“Why would I tie myself to one woman if I were interested in others?” says Jerôme, even as he plans on marrying a diplomat’s daughter by summer’s end. Before then, Jerôme spends his July at a lakeside boardinghouse nursing crushes on the sixteen-year-old Laura and her blonde stepsister, Claire.
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re-rating. Les liaisons dangereuses by Laclos via a conversational discursive model, through evolutionary chapters whose varying durations depends on their contribution to the action's progress, which follow the steps of an evolving novel, elusive as the lyrics of a "chanson française": gently disconsolate, where, like in Renoir, love is always a game's hypothesis. With Nestor Almendros' "ars veritas" cinematography.
How quickly I fall in love with Rohmer's characters and their situations, with all of their moral idiosyncrasies... Stunning yet understated photography, brilliantly paced moments & impossibly beautiful women.
A brilliantly complex tale of an engaged man being encouraged by an old flame to woo a young girl. Far more morally dense than My Night at Maud's, with even richer character sketches. Rohmer's ability to deepen and pervert the POV shot continues to thrill me.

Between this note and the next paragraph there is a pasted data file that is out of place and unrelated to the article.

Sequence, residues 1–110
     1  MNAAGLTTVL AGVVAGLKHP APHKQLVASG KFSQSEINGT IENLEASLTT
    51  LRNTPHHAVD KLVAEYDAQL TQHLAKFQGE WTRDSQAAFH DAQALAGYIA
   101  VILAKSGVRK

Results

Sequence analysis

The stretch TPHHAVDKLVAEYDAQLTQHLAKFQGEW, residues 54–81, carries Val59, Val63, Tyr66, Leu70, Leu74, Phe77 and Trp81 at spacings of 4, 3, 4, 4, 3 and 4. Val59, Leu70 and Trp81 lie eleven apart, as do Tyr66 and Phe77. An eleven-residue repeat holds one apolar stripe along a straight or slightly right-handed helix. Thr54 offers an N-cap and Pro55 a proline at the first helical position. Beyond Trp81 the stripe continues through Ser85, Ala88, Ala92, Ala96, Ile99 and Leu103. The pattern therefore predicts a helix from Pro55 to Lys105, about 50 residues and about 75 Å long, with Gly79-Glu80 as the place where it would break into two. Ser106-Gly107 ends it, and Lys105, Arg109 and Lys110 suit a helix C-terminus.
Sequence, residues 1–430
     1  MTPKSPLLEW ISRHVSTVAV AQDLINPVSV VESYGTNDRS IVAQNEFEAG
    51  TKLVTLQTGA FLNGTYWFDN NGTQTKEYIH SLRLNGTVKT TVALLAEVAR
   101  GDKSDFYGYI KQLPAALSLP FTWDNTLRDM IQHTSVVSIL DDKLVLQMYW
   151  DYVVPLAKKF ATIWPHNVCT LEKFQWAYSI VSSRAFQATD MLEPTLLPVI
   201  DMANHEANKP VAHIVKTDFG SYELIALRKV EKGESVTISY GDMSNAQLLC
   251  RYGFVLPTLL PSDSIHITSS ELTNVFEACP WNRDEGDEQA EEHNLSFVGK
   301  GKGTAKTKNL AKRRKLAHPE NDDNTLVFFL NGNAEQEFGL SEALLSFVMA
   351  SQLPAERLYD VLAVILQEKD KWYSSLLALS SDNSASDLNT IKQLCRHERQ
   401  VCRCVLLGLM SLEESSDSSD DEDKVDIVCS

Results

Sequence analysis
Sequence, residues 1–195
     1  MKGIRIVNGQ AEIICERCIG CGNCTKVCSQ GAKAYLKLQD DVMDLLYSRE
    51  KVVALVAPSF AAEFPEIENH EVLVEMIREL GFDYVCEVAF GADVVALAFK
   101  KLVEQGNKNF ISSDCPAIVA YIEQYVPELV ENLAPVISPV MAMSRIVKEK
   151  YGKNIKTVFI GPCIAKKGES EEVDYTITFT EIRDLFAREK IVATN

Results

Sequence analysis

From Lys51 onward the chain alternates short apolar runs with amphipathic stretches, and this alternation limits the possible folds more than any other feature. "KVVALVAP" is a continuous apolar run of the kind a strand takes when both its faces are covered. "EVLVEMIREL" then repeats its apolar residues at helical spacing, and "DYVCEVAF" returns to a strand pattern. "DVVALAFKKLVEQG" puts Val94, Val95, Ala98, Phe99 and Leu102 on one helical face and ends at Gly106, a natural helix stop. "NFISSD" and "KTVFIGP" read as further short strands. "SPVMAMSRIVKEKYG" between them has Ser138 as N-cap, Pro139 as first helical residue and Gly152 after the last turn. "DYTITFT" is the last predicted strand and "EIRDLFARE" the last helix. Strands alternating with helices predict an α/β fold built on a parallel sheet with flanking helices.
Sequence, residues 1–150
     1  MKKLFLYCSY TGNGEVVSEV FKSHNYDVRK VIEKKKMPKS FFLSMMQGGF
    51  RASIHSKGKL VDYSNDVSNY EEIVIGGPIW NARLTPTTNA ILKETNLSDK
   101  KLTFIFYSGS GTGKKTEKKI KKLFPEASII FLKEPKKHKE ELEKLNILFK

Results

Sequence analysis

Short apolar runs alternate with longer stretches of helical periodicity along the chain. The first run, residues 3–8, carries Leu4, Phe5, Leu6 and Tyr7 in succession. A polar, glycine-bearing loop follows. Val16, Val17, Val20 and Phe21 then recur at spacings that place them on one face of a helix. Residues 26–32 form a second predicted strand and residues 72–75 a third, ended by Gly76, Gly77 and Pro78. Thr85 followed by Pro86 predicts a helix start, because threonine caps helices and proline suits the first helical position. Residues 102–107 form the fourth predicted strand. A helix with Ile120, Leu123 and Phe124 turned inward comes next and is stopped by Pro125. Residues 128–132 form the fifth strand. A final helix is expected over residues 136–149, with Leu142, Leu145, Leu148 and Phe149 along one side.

The characters, dialogue, and impossibly gorgeous setting of this film are all admirable, to be sure, but what I find absolutely enchanting is the way in which Rohmer creates such an intensely erotic moment of something so indirectly sexual (here, and in his other films as well). Hollywood's blatant, excessive portrayals of sensuality simply can't stand up to the effortless way Rohmer depicts human desire and longing
A superlative piece of filmmaking. The dialogue is--characteristic of Rohmer--piercing and well-timed, the casting is almost preternaturally perfect, and the setting is idyllic. Through Rohmer's lens we scrutinize the daily misadventures of a deluded and morally misguided man. The female characters are strong--individually and as a group--and, while not without faults, they can at least acknowledge their failings.